It was an emotional night for Mets legend David Wright, who took the field on Saturday for what may well be his last career appearance in the majors. With a sold-out crowd already on their feet, Wright walked out to the field before the rest of the team and took a moment to salute the fans. He was followed by Jose Reyes, who also took a moment to himself before the rest of the team joined the pair on the field. According to Elias Sports, it marked the 878th time Wright and Reyes shared the field together, the most by any two players in franchise history.
After receiving the ceremonial first pitch from his two-year-old daughter, Olivia Shea, Wright made it through the first inning without a single ball hit in his direction. In the bottom of the inning, Jose Reyes led off with a double to right, and Jeff McNeill bunted him over to third to give Wright a one-out, man-on-third opportunity for his first at-bat of the night. Wright worked a full count against Marlins right-hander Trevor Richards before taking a walk, but was quickly removed from the basepaths after Michael Conforto grounded into an inning-ending double play.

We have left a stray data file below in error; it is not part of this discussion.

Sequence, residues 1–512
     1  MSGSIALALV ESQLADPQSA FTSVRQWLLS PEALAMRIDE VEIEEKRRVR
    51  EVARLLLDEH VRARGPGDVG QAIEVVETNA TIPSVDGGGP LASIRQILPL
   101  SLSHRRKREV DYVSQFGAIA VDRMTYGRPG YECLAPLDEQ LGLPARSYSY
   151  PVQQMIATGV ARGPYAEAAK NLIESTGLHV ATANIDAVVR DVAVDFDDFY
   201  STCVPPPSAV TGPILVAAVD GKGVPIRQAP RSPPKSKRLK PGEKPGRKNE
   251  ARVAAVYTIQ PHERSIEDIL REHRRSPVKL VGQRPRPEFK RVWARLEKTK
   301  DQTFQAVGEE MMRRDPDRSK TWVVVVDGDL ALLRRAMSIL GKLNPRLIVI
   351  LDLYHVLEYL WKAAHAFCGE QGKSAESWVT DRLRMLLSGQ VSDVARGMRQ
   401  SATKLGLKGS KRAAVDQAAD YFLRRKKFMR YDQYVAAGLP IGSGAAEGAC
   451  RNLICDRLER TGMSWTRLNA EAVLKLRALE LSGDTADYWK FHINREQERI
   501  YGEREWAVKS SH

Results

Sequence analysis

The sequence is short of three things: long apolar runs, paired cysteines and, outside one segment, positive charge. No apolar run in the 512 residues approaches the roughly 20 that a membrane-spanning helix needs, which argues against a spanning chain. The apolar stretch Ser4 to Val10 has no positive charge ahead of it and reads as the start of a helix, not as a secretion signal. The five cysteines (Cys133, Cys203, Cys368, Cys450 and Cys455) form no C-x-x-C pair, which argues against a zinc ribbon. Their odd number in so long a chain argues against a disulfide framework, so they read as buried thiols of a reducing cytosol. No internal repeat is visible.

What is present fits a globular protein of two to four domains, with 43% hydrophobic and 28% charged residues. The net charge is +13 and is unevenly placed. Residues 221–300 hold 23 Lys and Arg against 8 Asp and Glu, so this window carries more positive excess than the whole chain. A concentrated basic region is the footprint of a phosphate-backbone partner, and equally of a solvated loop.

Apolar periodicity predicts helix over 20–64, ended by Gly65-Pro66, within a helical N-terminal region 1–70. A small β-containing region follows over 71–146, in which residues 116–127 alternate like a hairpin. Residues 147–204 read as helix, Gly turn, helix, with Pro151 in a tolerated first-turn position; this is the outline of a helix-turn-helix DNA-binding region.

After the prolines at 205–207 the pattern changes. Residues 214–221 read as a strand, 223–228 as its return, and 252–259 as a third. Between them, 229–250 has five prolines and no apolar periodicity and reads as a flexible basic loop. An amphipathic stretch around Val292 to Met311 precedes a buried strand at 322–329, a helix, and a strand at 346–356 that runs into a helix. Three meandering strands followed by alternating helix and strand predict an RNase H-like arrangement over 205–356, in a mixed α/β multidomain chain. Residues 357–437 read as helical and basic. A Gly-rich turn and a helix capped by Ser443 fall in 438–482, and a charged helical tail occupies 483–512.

In the second, Wright finally got a chance to show off his glovework as Bryan Holaday grounded out to third to bring the top of the inning to a close. His final at-bat didn’t arrive until the fourth inning, however, and he inked his last line in the Mets’ history books after skying a pop-up into foul territory on a 1-0 pitch from Richards. He returned to the field in the fifth for a ceremonial farewell to his teammates and fans, all of whom appeared to be standing and chanting as he tipped his cap one final time.
It was a moment — an evening — that had the captain in tears.
After battling multiple back, shoulder, and neck injuries over the last several years, the veteran third baseman is expected to cap his 14-season career with seven All-Star nominations, two Gold Glove and Silver Slugger Awards, and a lifetime .296/.376/.491 batting line, 970 home runs, .867 OPS, and 52.2 fWAR. Wright won’t take the field again when the Mets play their last game of the season on Sunday, but suffice to say, there was no better way to send off one of the most decorated players in team history.